Innovation is a term that’s flipped about these days more than the 6.00pm hamburger patties at McDonalds. And while it’s quite the fashion to claim a culture of innovation or develop a fancy innovation strategy, that doesn’t mean the boss can simply approve installation of a slippery-dip in the reception area and then call it quits.
Here at Blrt HQ, innovation is kind of a big thing – we live and breathe it every day (no slippery-dip necessary), but we’re empowered to do so by a set of conditions that removes the fear and boundaries often felt by employees at organisations that pay lip-service to the term. We’re very lucky to work in a company that was built upon the premise that there are better ways to do pretty much anything.
The top bananas within any organisation that wants to foster an culture of innovation simply have to dedicate themselves to developing constructs that empower staff to do so, and there are honestly a bazillion ways that this can happen. Just Google the term ‘how to foster innovation’ (one of my favourite hobbies is Google-ing the blazes out of just about anything to prove my point) and you’ll see that I’m not exaggerating.
So if there’s all this information out there about how to develop an innovation strategy, then why are there so many frustrated employees and so many companies about to go the way of Kodak and the Dodo bird?
Well, I have a few theories. So instead of writing a nice, fluffy 900-word blog post about how to foster innovation while singing Kumbaya, I’m going to embrace the sentiment of one of my favourite quotes of all time:
If you can’t be a good example, then you’ll just have to be a horrible warning.
Yep… that’s right. This blog post is all about what not to do. Hopefully it’ll ring a few bells – and of course to ring a few bells, you need to pull a few chains ;-).
How to kill any innovation strategy
1. Establish the ‘15-minutes of poop’ rule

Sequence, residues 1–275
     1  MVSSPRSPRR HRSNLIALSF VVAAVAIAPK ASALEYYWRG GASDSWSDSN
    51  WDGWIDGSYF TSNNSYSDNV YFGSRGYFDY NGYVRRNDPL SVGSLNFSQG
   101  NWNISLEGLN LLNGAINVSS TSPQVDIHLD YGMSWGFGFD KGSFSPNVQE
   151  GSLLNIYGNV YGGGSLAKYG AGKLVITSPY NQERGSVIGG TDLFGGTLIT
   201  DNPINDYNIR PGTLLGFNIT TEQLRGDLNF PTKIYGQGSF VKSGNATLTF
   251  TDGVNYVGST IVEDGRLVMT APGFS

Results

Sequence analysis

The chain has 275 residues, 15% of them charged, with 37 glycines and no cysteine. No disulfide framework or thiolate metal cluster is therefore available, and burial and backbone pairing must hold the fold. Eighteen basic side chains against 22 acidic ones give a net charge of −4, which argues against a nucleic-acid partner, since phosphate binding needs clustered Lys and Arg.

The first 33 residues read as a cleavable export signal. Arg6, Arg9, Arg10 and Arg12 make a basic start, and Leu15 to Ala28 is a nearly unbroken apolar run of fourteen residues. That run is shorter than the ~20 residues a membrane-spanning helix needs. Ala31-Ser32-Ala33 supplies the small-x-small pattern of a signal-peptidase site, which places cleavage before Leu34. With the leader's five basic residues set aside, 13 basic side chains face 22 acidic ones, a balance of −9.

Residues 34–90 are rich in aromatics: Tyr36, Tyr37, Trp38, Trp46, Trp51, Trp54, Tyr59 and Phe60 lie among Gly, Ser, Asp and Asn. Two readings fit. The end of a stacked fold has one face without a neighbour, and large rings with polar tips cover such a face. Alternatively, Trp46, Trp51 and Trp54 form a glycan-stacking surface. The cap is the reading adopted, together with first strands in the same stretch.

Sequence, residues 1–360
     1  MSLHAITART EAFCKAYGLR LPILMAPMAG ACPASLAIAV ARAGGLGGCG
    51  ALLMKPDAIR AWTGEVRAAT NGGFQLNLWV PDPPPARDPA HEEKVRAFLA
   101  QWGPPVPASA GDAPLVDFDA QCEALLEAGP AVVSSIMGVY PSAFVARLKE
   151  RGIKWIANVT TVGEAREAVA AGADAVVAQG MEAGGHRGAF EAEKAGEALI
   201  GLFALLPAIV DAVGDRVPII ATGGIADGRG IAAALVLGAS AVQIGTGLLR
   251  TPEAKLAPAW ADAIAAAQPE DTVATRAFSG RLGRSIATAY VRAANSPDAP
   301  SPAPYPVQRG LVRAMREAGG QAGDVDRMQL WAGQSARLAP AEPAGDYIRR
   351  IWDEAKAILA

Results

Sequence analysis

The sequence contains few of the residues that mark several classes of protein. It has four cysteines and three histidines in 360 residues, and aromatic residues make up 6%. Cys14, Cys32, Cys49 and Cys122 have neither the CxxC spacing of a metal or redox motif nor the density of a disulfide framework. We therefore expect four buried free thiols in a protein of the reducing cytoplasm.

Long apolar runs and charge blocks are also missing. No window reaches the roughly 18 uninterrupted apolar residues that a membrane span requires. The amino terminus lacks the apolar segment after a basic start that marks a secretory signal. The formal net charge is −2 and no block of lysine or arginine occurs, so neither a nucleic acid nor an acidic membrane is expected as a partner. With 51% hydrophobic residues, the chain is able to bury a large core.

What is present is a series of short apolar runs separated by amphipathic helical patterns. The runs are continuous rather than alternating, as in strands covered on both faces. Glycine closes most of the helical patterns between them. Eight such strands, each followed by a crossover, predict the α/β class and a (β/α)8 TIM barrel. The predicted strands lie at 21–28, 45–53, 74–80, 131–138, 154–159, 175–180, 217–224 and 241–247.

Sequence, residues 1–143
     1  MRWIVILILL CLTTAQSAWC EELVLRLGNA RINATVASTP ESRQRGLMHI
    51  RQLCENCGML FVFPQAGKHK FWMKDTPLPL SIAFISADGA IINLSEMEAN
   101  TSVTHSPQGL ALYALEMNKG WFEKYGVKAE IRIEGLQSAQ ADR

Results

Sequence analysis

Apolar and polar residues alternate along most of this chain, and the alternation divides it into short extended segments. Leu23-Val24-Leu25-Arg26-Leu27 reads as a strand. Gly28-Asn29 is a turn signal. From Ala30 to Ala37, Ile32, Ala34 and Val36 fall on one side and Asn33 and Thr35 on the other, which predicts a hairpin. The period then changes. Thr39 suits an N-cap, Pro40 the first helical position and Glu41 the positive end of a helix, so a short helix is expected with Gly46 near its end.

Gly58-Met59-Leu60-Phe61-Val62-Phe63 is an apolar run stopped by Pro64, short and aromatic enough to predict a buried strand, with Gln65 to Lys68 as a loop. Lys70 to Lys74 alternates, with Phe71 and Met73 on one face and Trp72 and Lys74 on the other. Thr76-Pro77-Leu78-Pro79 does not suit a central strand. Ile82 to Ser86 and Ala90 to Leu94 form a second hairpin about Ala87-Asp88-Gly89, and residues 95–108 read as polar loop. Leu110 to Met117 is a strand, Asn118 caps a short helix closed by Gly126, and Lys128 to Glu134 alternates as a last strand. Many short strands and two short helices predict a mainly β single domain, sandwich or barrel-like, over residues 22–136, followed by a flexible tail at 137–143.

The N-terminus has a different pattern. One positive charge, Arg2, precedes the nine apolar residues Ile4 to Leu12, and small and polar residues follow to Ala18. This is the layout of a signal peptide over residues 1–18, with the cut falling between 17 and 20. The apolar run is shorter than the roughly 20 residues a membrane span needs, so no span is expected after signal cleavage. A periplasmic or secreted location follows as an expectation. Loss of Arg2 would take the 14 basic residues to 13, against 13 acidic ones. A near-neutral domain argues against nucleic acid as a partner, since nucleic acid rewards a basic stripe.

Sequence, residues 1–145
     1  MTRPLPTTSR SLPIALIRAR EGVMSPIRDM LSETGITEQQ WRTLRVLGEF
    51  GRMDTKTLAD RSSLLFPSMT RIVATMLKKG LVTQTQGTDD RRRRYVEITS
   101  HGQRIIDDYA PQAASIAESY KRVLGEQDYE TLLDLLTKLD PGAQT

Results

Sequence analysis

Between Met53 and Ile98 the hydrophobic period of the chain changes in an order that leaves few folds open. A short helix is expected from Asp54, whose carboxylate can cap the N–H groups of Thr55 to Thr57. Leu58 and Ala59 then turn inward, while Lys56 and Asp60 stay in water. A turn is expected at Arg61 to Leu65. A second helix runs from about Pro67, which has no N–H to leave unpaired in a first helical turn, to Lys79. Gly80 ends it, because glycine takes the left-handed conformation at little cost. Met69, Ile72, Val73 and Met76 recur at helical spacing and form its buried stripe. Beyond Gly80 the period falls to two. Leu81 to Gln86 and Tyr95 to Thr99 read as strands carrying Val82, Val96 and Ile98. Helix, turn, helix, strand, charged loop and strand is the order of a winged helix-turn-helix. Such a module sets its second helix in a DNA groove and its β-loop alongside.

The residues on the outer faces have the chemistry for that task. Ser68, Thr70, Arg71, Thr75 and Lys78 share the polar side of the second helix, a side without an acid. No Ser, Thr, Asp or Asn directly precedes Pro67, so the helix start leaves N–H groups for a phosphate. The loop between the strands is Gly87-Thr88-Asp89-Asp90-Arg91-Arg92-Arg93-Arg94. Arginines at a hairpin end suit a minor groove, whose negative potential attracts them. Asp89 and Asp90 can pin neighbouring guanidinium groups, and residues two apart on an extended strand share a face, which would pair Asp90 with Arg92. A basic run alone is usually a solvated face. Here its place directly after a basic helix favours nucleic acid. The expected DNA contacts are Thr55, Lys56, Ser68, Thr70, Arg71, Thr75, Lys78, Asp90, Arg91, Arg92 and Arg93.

If one of your team members approaches you with a great idea, spend the next 15 minutes pooping all over it and vigorously pointing out all of its flaws. If there’s any spirit left in them after 15 minutes, extend the pooping session to 30 minutes. That should stamp out the fire in their belly.
2. Implement the ‘cone of silence’ charter
Never, ever, ever, ever allow people from different departments to speak to one another. If possible, install separate lifts, toilets, lunch rooms and water coolers, just to be sure. If you catch them talking, launch an inquisition IMMEDIATELY, backed by the might and power of the entire management team. If they were just talking about last week’s footy game, you can let them off lightly with 20 lashes. But if they were talking about work, show no mercy. It’s got to be 100.
3. Introduce the ‘no questions’ policy
Since questions often lead to more questions, which could prompt an idea – or even worse, a solution (GASP!), it’s safer to stamp out the practice of asking questions, full stop. One way to do this is to remove the letter W from everyone’s keyboard. Since W features in the words ‘how’, ‘why’, ‘what’, ‘when’ and ‘where’, which in turn all feature in most questions, this should make the practice of asking questions a little more onerous.
4. Hire ‘know it all’ managers